Meet your ace, Seattle fans. This is why the Mariners traded for Luis Castillo at the deadline: the swagger, the dazzling slider that makes opposing hitters look silly, the dominant fastball, the filthy sinker. And above all else, the commanding presence on the mound, the I’m-better-than-you attitude, mowing down batter after batter.
For the first time, Mariners fans got a live view of Castillo as he made his home debut at T-Mobile Park against the New York Yankees on Tuesday night. He was sensational, throwing eight innings, allowing just three hits, no runs, walking two and striking out seven.
He clapped into his glove as he walked off the field after the eighth inning, forcing an Isiah Kiner-Falefa ground ball and stranding a pair of Yankees base runners. The crowd roared, giving the 29-year-old a well-deserved ovation.
Seattle walked the game off in the bottom of the 13th inning with a Luis Torrens single to beat New York, 1-0 and even the series at a game apiece. Torrens came in the game to pinch hit and delivered the only run Seattle would need. It ended a four hour, seven minute long, fascinating game, marked by some comically bad Yankees baserunning. Perhaps the highlight: a comebacker to reliever Matt Brash in the top of the 12th, which turned into a 1-6-5-4 double play (that’s pitcher to the shortstop, to the third baseman, to the second baseman).
Even with the rule of the runner starting on second base in extra innings, neither team was able to score until the Mariners finally ended the game in the bottom of the 13th.
It looked like the Castillo outing might end up with the Felix Hernandez treatment, as the other guy was just as good on Tuesday. Yankees pitcher Gerrit Cole pitched seven shutout innings, allowing just four hits and striking out eight. He threw 72 of his 109 pitches for strikes.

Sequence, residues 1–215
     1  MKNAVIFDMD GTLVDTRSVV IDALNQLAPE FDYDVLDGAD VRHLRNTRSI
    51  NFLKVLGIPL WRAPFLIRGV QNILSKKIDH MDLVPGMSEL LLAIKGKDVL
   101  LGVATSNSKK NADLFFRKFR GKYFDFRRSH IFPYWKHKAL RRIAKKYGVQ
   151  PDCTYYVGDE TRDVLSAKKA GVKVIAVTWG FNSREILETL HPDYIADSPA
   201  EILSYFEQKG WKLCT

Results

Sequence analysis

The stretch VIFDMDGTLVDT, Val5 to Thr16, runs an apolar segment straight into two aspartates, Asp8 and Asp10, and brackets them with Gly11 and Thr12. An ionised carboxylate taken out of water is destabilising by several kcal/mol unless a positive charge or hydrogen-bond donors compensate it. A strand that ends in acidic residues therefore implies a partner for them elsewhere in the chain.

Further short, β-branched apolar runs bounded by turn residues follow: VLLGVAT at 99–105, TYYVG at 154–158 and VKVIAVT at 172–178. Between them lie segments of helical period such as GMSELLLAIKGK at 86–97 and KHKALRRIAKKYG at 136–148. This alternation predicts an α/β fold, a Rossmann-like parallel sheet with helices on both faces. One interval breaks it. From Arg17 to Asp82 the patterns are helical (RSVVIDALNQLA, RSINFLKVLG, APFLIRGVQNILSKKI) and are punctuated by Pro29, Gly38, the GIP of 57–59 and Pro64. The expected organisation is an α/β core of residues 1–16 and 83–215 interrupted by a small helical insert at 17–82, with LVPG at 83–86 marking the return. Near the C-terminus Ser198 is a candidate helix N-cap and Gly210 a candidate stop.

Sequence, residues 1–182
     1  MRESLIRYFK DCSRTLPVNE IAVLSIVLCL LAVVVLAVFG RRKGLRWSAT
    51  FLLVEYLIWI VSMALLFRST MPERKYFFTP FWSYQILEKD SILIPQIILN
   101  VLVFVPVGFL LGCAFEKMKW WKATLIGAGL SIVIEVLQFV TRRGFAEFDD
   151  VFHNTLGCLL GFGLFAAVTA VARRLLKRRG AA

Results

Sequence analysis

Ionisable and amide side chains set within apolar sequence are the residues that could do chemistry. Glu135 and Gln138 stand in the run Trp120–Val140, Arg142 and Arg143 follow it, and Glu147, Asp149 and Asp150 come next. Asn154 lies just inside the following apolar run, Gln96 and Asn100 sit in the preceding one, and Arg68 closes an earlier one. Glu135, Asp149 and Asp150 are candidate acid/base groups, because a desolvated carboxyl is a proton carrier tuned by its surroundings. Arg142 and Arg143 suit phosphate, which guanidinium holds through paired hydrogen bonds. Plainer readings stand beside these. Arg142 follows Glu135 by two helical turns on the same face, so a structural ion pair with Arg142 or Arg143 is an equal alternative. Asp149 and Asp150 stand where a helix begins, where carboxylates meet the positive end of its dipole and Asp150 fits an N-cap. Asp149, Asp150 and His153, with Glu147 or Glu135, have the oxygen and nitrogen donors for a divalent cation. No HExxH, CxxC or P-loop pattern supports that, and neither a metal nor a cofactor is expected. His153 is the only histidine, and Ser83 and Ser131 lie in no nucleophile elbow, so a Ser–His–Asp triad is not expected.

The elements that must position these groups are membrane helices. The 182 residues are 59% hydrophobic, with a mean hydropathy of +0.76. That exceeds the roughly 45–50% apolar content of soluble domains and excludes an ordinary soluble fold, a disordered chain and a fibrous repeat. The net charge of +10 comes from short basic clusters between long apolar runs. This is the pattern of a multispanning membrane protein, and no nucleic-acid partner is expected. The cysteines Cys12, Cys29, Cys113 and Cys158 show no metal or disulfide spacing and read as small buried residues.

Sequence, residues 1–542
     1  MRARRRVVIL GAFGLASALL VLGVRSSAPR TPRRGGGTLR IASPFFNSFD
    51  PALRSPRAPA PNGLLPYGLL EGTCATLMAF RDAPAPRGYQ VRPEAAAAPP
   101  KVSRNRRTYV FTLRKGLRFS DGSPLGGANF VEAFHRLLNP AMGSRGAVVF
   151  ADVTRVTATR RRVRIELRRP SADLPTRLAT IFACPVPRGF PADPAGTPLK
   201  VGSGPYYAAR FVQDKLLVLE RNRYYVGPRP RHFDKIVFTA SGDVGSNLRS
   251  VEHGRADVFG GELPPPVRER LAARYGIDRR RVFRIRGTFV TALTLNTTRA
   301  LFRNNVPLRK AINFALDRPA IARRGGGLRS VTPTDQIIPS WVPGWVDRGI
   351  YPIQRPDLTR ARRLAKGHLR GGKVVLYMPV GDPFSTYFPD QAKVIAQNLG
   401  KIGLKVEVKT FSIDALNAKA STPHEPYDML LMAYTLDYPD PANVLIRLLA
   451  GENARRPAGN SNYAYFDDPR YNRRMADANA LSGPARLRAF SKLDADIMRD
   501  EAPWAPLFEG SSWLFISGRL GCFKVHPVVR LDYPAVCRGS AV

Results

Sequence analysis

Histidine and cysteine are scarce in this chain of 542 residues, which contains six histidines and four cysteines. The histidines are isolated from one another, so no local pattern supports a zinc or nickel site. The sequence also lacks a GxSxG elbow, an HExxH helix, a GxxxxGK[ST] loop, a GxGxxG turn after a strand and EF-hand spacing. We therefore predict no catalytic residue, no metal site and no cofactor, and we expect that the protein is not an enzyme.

In Castillo, Seattle got the top pitcher available in the market. Cincinnati obtained infielders Noelvi Marte and Edwin Arroyo, and right-handers Levi Stoudt and Andrew Moore. Marte was the Mariners’ top-rated prospect, Arroyo was third and Stoudt fifth.
Dr. Anthony Fauci, the director of the National Institute of Allergy and Infection Diseases and the Chief Medical Advisor to the President, threw the ceremonial first pitch at the game. After taking a photo with Mariners president of baseball operations Jerry Dipoto and others, he threw a respectable lob to Mariners manager Scott Servais.
He was greeted with mostly applause and some scattered boos, a sign of the polarizing times we live in. Fauci has been the face of the United States’ response to the coronavirus pandemic and a vocal advocate for vaccines.
This story will be updated.
This story was originally published August 9, 2022 11:22 PM.